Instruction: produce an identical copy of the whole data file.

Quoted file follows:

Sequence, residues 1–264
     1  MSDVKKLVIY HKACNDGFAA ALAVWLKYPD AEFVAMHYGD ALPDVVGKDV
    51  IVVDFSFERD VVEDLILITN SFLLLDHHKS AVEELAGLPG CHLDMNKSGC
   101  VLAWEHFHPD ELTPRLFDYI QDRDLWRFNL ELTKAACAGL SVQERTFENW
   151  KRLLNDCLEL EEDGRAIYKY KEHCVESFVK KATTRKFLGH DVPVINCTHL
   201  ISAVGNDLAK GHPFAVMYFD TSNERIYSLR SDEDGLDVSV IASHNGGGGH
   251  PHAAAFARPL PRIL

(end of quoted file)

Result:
Sequence, residues 1–264
     1  MSDVKKLVIY HKACNDGFAA ALAVWLKYPD AEFVAMHYGD ALPDVVGKDV
    51  IVVDFSFERD VVEDLILITN SFLLLDHHKS AVEELAGLPG CHLDMNKSGC
   101  VLAWEHFHPD ELTPRLFDYI QDRDLWRFNL ELTKAACAGL SVQERTFENW
   151  KRLLNDCLEL EEDGRAIYKY KEHCVESFVK KATTRKFLGH DVPVINCTHL
   201  ISAVGNDLAK GHPFAVMYFD TSNERIYSLR SDEDGLDVSV IASHNGGGGH
   251  PHAAAFARPL PRIL